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HAVE you ever known much of the Azores ? inquired the Don of Frank.
“I have read very little about them,” he replied. “I know they lie about 800 miles from Cape St. Vincent, and are supposed to have been discovered and settled by the Portuguese. I have seen volcanic specimens from these islands in the mineralogical cabinet of Yale College, in Connecticut, and that is all the information that I have about them."
“ It was of their volcanic origin that I was about to speak,” continued the Don. if not all of them, must have been formed by earthquakes or volcanic eruptions. I wish the American consul had not been absent from Fayal, during your stay, as he would have accompanied
us on a little trip that I have projected for the
I am going to take you, if it is agreeable, over to St. George. With a fair wind we can go over in about five hours. There was a tremendous eruption on that island in 1808, and its present condition affords much that is interest
Accordingly, the next morning, the Don and Donna, with their young guests, embarked in a small vessel for St. George. The sky was beautifully clear and serene, but the Don said they were subject to violent winds in that region, and could never be sure of the continuance of such delightful weather, even during a single day.
“ You know,” said he, “they say that no serpents of any kind (through the influence of St. Patrick) can live in Ireland. It is true that our fertile islands give birth to no poisonous reptiles, and it is generally believed that if they were brought here, they would soon expire."
" I shall always think of Fayal as a little paradise,” remarked Frank.
Notwithstanding the one noxious animal that you have found here, -Mr. Mudge,” said the Donna.
“He is of foreign growth,” replied Frank," and
it is a wonder how he can thrive among beings so different.”
By this time they had arrived at St. George. After a ride of four miles, they came to the foot of the crater; its elevation is about 3,500 feet.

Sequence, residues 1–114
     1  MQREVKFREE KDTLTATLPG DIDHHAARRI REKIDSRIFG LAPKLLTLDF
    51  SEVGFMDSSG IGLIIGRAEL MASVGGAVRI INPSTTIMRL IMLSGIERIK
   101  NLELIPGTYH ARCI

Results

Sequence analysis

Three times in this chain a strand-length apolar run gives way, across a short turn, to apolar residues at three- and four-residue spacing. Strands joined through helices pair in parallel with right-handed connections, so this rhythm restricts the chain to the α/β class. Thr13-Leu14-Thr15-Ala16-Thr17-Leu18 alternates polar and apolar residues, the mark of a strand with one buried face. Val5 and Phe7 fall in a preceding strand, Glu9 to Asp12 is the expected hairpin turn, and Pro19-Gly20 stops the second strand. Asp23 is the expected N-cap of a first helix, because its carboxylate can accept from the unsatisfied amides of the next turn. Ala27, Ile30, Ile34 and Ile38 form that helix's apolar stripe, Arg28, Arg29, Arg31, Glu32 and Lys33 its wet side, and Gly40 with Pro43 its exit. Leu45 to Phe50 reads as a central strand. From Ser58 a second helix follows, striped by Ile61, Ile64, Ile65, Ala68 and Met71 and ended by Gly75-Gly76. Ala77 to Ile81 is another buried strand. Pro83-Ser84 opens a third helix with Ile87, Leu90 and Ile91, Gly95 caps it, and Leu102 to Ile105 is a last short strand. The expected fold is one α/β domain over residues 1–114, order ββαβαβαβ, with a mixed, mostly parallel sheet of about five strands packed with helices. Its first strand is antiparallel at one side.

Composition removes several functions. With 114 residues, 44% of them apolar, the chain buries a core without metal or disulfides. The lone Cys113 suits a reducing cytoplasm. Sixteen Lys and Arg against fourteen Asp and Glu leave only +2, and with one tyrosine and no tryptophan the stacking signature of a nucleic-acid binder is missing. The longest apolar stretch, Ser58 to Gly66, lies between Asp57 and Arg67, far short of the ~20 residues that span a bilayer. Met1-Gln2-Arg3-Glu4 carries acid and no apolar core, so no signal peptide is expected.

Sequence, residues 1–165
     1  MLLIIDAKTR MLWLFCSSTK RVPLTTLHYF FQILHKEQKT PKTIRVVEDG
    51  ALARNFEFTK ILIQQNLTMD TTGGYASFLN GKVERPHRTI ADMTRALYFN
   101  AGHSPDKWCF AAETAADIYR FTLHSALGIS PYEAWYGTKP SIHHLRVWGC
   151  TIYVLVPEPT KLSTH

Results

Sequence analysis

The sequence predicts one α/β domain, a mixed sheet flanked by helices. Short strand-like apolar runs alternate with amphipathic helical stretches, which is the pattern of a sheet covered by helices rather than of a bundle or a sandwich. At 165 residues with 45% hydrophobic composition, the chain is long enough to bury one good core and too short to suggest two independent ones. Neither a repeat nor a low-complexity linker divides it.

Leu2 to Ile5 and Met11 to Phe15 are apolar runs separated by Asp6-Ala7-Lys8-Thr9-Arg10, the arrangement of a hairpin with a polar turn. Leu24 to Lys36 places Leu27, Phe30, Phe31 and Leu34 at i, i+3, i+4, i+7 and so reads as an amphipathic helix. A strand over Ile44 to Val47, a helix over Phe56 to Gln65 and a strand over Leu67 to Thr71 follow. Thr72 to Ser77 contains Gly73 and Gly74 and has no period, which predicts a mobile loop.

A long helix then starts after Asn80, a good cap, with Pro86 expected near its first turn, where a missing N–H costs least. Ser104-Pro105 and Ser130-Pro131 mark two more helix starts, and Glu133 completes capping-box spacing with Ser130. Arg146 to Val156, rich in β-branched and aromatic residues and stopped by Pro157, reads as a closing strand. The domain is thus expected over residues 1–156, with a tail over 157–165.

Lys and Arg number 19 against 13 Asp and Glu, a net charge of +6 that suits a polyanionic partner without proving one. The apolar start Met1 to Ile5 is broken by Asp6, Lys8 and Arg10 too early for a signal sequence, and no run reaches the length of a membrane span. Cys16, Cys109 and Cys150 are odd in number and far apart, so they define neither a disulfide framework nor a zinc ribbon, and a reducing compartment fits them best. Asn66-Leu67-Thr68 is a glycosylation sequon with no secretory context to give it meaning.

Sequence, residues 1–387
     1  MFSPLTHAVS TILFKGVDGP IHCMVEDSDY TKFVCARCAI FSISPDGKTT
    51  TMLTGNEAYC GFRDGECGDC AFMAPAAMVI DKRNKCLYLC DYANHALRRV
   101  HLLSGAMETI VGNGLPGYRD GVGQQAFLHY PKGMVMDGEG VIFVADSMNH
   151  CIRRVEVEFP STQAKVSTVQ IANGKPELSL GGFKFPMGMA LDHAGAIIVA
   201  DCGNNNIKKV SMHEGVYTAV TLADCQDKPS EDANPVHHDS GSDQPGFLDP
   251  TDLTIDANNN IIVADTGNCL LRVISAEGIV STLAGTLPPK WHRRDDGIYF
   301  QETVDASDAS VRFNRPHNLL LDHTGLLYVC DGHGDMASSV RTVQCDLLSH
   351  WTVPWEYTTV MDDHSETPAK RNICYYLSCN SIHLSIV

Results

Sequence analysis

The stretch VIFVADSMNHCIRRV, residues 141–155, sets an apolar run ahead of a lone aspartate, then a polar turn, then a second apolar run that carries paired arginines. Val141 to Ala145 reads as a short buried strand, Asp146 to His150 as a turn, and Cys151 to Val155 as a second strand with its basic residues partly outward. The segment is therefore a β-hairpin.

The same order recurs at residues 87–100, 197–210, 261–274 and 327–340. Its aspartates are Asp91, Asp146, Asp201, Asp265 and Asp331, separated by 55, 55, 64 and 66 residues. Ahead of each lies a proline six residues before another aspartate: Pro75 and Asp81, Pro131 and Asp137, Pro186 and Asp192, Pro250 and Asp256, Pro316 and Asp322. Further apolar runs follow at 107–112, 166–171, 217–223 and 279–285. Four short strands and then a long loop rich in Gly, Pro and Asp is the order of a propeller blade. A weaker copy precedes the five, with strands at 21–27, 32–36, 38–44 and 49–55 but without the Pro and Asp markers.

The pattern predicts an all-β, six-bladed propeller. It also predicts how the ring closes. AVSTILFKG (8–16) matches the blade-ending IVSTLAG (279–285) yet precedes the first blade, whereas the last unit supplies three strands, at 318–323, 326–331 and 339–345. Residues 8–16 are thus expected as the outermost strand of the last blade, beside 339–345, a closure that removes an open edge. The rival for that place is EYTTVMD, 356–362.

They mounted up its rough sides, and had, besides the view of the crater, a fine prospect of the sea, dotted with the other islands belonging to the Azores.
“ The American consul, who was resident at Fayal at the time of this eruption," said the Don,
gave the best account of it that I have seen, in a letter to a friend of mine, who then resided at St. Michael's, one of the largest of the Azores. It was as follows:
666 On Sunday, the 1st of May, at one, P. M., walking in the balcony of my house at St. Antonio, I heard noises like the report of heavy cannon at a distance, and concluded there was some sea-engagement in the vicinity of the island. But soon after, casting my eyes towards the island of St. George, ten leagues distant, I perceived a dense volume of smoke rising to an immense height; it was soon judged that a volcano had burst out about the centre of that island, and this was rendered certain when night came on, - the fire exhibiting an awful appearance.
46. Being desirous of viewing this wonderful exertion of nature, I embarked, on the 3d of May, accompanied by the British consul and ten other gentlemen, for St. George's, and arrived at Vellas, the principal town, at eleven, A. M.
6. We found the poor inhabitants perfectly panicstruck and wholly given up to religious ceremonies and devotion; and learned that the fire had broken out in a ditch, in the midst of fertile pastures, three leagues southeast of Vellas, and had immediately formed a crater, in size about twentyfour acres.
It threw out small cinders and pumice-stones. The fire of this large crater had nearly subsided, but on the evening preceding our arrival another small crater had opened, one league north of the large one.
After taking some refreshment, we visited the second crater, the sulphurous smoke of which, driven southerly, rendered an attempt to approach the large one impracticable.
6. When we came within a mile of the crater, we found the earth rent in every direction, and, as we approached nearer, some of the chasms were six feet wide ; by leaping over some of these chasms, and making windings to avoid the larger ones, we at length arrived within two hundred
yards of the spot, and saw it distinctly, in the middle of a pasture.
6. The mouth of it was only about fifty yards in circumference; the fire seemed struggling for vent; the force with which the pale blue flame issued forth resembled a powerful-steam-engine, multiplied a hundred-fold. The noise was deafening; the earth where we stood had a tremulous motion; the whole island seemed convulsed; horrid bellowings were occasionally heard from the bowels of the earth, and earthquakes were frequent.
". After remaining here about ten minutes, we returned to town. The inhabitants had mostly quitted their houses, and remained in the open air, or under tents.
666 On the same day, (the 4th of May,) we returned to Fayal, and on the 5th and the succeeding days, from twelve to fifteen small volcanoes broke out in the very fields we had traversed on the 3d, from the chasms before described, and threw out a quantity of lava, which travelled on slowly towards Vellas. The fire of those small craters subsided, and the lava ceased running, about the 11th of May, on which day the large volcano, that had lain dormant for nine days,